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You’ve got to feel for AMC. The basic-cable channel has done exceptionally well in a relatively short amount of time, delivering two of TV’s best-ever dramas, “Breaking Bad” and “Mad Men,” as well as a ratings hit in “The Walking Dead.”

How do you top that act? It’s not easy, which is part of the reason AMC executives broke the final season of “Mad Men” in two — not just to get another round of ads and Emmy love but to buy time to grow a new hit or two. So far, the network has had only misses, including “Turn,” “Low Winter Sun,” and the third season of “The Killing.” While fellow basic-cabler FX has become an unstoppable maker of great shows, including “The Americans,” “Fargo,” and “Louie” to name a few, AMC just hasn’t found its curatorial legs.


Which brings us to AMC’s latest effort, “Halt and Catch Fire.” The drama, which premieres Sunday at 10 p.m., has a lot of potential; it’s easy to see why the network chose it. Set in Dallas in 1983, it has a distinctive visual style — something AMC, with the cinematic “Breaking Bad” and the elegant “Mad Men,” wants to make part of its brand identity. About the infant days of the personal computing industry, it digs into material that has not already been done to death elsewhere on TV. And with a pair of unfamiliar and interesting lead actors, the show might be able to delve beneath the surface of its milieu.

The title “Halt and Catch Fire” refers to an early command that sent a computer “into a race condition,” according to the opening moments of the premiere. “Control of the computer could not be regained.” The idea is that in the early 1980s, entrepreneurs big and small were rushing to clone the IBM PC, add their own ideas to it, and become the next industry giant. And that “race condition” doesn’t seem to have stopped 30 years later, as high-tech startups continue to try and fail and try again.


Joe MacMillan, played by Lee Pace, is the ambitious, manipulative sales guy who essentially forces a small firm called Cardiff Electric into the competition to create a PC clone. Joe is sneaky, pushy, and effective, a kind of Don Draper by way of Patrick Bateman of “American Psycho.” He knows he needs a tech-minded guy on his side, so he draws the reticent Cardiff employee Gordon Clark (Scoot McNairy) into helping him reverse-engineer an IBM. Gordon and his wife, Donna (Kerry Bishe), built a computer a few years earlier that failed to catch on; he is a drone at work, until Joe seduces him back into risk-taking.

Gordon is the Steve Wozniak to Joe’s Steve Jobs, in a way. Add to that dynamic immature 22-year-old coding expert Cameron Howe (Mackenzie Davis), who is a nascent Lisbeth Salander from “The Girl With the Dragon Tattoo,” and you’ve got a chemical mixture on the verge of exploding. While “Halt and Catch Fire” captures the professional and financial excitement and mystery of those days, before we knew computers would change the world, it also takes on the complex personalities involved. Each member of the team is a kind of tech type: Joe the maverick who is always a step ahead of everyone else, Gordon the visionary who can’t succeed without a mover like Joe, and Cameron the bratty hands-on genius.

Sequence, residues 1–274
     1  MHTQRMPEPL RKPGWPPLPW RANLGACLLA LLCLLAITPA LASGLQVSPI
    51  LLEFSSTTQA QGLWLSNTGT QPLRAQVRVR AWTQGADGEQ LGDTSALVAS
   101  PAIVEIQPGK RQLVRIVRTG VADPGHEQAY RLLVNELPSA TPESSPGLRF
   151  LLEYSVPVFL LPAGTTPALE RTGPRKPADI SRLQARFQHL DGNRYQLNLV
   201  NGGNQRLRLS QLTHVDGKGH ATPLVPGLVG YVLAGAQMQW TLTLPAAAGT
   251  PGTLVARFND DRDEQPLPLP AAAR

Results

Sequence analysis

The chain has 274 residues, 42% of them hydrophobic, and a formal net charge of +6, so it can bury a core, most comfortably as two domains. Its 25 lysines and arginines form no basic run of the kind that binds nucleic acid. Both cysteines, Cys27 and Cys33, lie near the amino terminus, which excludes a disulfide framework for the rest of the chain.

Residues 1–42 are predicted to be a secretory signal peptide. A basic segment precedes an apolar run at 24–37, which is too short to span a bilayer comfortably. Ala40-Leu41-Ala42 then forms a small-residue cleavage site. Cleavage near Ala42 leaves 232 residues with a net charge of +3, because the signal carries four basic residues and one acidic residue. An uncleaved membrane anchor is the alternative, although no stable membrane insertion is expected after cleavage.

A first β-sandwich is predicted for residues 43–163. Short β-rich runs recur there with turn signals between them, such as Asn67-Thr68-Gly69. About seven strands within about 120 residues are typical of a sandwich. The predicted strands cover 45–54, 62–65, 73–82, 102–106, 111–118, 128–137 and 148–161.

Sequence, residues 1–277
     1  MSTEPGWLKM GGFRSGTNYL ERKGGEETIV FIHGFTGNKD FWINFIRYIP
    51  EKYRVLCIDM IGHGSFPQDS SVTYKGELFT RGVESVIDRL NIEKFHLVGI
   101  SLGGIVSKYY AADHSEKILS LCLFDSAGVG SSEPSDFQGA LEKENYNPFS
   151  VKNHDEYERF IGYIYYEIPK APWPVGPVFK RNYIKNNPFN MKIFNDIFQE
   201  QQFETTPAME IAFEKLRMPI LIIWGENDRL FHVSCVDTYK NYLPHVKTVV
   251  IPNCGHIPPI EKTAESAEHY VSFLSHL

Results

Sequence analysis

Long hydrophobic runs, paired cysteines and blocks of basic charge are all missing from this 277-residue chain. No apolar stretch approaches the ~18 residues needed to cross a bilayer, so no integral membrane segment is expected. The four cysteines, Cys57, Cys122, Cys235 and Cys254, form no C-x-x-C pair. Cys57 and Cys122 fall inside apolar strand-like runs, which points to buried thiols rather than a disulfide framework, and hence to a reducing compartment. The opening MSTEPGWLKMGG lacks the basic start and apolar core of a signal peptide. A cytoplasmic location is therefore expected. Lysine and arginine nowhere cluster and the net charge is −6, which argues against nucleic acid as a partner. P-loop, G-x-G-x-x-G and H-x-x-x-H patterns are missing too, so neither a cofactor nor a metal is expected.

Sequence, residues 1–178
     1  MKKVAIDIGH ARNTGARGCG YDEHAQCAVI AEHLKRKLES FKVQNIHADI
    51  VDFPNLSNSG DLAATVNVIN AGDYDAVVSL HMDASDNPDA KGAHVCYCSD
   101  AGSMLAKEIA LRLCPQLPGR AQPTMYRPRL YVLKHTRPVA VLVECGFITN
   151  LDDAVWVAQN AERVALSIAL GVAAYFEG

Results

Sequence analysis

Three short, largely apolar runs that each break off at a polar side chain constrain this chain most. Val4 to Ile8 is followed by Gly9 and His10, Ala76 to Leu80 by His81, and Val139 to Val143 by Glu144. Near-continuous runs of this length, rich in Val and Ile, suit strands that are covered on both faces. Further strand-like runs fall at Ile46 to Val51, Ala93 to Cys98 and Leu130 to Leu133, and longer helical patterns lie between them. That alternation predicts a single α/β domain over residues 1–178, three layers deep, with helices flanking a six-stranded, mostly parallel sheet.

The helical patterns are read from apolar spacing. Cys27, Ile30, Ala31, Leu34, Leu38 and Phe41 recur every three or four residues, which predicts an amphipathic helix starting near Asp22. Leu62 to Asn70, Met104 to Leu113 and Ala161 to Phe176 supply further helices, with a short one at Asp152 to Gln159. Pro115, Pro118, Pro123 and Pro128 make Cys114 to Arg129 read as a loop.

Pace is particularly fascinating as Joe, a guy who was off the grid for a period before the show starts. I first saw Pace as a transgender in the 2003 movie “Soldier’s Girl,” and he was a revelation. He followed that with strong turns in “Wonderfalls” and “Pushing Daisies.” In “Halt and Catch Fire,” he marries a bullying quality to desperation and comes up with something different and compelling, a slick ’80s businessman with a ghost on his shoulder.

The show also benefits from its stylized appearance, with a go-go pace and enough 1980s fashions to conjure memories of the Go-Go’s. It looks like a synthesizer sounds — a little plastic, with some 1970s paneling lingering in the backdrop. Because it’s set in Dallas — Silicon Prairie — and not Silicon Valley, there are cowboy hats and accents, most noticeably from the old school Cardiff boss John Bosworth (Toby Huss), who isn’t happy about having been cornered into Joe’s big plan.

Here’s the problem, and it’s the problem almost every time a network sends out only one episode for preview. It’s really hard to tell whether “Halt and Catch Fire” will go on to tell its story with any narrative confidence. Will the writing pan out over time, or is the pilot a fluke? It was created by the somewhat unknown team of Christopher Cantwell and Christopher C. Rogers, so there’s no track record to rely on. Just hope, both for viewers and for a network in need.


Matthew Gilbert can be reached at gilbert@globe.com. Follow him on Twitter @Matthew